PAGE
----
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San Francisco and the Bay Area News & History

No, Your Honor, You Can’t Call Yourself ‘High Just...
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By Heather Knight and Amy Qin

Heather Knight reported from San Francisco, and Amy Qin from Washington, D.C.

Feb. 18, 2024

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San Francisco has printed candidate names in Chinese characters since 1999. But now the city is cracking down on ones that some argue go overboard with flattering, flowery phrases.


Hong Le still remembers meeting a charismatic woman campaigning for San Francisco district attorney in 2003. In Cantonese, that woman’s name was 賀錦麗, which is pronounced Ho Gam-lai and means “Congratulate Brocade Beautiful.”


Most Americans know her by another name: Kamala Harris.


“She’s the vice president right now,” Mr. Le, 88, said in Cantonese. “And she deserves it.”


In San Francisco, where more than a fifth of residents are of Chinese descent, politicians have long taken a second name in Chinese characters. And any serious candidate knows to order campaign materials in English and in Chinese.


But the city’s leniency for adopted names has frustrated some Chinese American candidates, who say that non-Chinese rivals have gone overboard by using flattering, flowery phrases that at first glance have little to do with their actual names. Some candidates have gained an advantage or engaged in cultural appropriation, the critics say.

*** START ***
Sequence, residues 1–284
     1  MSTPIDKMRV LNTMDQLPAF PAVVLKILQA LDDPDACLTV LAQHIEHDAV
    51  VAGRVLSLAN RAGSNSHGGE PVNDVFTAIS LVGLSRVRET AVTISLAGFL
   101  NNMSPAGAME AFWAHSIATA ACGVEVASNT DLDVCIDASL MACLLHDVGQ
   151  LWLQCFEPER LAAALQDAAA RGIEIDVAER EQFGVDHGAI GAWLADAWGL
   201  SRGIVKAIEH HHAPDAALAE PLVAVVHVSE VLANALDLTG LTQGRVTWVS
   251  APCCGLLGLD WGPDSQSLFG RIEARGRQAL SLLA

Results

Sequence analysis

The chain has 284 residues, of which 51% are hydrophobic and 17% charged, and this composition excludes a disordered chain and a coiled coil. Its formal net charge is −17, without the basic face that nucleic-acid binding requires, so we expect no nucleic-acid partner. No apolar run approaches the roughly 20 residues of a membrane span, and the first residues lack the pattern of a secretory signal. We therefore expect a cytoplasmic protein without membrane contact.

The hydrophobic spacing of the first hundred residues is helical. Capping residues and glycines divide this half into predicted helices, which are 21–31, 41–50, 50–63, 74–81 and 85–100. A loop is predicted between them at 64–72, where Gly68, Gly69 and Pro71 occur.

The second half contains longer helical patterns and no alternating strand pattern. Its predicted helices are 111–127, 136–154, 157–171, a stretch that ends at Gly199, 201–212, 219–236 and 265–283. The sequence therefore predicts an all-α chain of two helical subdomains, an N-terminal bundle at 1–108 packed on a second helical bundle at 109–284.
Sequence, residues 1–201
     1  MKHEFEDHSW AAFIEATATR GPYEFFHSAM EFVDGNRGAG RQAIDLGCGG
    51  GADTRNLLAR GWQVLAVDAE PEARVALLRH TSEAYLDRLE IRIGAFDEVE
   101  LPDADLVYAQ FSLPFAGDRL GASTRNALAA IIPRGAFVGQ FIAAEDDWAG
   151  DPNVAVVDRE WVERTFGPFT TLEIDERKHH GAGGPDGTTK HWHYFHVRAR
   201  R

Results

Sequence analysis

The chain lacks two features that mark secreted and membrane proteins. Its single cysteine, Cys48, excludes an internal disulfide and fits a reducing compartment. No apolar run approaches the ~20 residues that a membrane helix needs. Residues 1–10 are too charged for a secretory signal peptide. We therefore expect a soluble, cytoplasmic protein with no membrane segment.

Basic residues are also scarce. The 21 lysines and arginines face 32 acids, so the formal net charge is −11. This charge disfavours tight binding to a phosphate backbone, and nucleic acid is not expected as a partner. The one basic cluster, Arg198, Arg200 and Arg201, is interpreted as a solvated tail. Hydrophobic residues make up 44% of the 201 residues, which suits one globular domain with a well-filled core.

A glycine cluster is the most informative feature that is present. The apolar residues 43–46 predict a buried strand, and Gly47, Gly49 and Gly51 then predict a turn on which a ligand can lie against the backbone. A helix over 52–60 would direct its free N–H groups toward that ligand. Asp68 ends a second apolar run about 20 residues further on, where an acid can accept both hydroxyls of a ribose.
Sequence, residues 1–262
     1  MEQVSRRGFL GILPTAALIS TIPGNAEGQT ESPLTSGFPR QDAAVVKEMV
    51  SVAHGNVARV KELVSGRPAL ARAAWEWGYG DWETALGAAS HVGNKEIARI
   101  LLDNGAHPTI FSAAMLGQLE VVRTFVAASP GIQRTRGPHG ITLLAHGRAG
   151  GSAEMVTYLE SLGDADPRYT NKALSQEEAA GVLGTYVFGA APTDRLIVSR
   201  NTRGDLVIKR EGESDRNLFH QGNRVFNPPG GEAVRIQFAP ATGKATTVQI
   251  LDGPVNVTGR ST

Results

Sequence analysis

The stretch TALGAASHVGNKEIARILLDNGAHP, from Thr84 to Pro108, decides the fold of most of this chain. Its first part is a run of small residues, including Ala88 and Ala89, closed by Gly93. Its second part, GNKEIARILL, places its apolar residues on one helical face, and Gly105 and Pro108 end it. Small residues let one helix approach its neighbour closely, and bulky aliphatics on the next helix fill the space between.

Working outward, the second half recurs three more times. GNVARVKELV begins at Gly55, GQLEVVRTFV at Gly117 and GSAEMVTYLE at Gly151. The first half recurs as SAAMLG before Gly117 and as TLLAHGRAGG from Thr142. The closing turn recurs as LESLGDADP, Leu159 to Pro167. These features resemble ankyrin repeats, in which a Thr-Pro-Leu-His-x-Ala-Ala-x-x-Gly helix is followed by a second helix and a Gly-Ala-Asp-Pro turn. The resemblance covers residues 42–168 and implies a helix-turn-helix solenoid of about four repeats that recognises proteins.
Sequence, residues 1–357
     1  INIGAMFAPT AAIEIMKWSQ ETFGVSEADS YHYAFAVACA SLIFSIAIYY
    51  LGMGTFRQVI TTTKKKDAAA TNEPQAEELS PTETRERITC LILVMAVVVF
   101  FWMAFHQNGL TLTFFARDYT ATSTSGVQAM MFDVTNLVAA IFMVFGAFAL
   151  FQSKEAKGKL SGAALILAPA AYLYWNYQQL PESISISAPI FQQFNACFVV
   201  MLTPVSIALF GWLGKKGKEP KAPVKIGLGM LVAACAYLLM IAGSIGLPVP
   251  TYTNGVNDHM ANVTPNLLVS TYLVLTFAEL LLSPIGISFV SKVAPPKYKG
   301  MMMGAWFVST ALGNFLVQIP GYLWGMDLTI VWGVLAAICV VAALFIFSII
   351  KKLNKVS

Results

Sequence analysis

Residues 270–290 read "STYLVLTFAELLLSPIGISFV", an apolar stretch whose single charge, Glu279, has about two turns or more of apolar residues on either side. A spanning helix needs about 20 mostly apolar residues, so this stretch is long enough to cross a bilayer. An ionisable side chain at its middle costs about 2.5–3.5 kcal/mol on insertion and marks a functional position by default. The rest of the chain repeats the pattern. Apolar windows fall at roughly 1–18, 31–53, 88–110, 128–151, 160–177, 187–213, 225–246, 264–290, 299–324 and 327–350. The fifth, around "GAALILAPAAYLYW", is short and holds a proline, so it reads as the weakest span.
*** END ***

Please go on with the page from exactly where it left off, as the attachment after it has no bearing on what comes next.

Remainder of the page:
No more. For the first time, San Francisco has rejected Chinese names submitted by 22 candidates, in most cases because they could not prove they had used the names for at least two years. The city has asked translators to furnish names that are transliterated, a process that more closely approximates English pronunciations.


That means Michael Isaku Begert, who is running to keep his local judgeship, cannot use 米高義, which means in part “high” and “justice,” a name that suggests he was destined to sit on the bench.


And Daniel Lurie, who is challenging Mayor London Breed, must scrap the name he had been campaigning with for months: 羅瑞德, which means “auspicious” and “virtue.” Mr. Lurie’s new name, 丹尼爾·羅偉, pronounced Daan-nei-ji Lo-wai, is a transliterated version that uses characters closer to the sound of his name in English but are meaningless when strung together.


Most Chinese names feature two to three characters — a surname, and a one- or two-character given name. In the Chinese-speaking world, choosing a baby’s name can carry so much weight that some parents still consult fortune tellers who consider factors like the exact time of birth and the number of brush strokes in a character to suggest an auspicious moniker imbued with meaning.


The federal Voting Rights Act requires that jurisdictions with a significant number of voters who aren’t fluent in English — like the large Cantonese-speaking population in San Francisco — provide translated ballots and voter materials. The act, however, leaves it up to local election officials to decide whether that includes candidates’ names.


No, Your Honor, You Can’t Call Yourself ‘High Justice’ on the Ballot in Chinese


Greg

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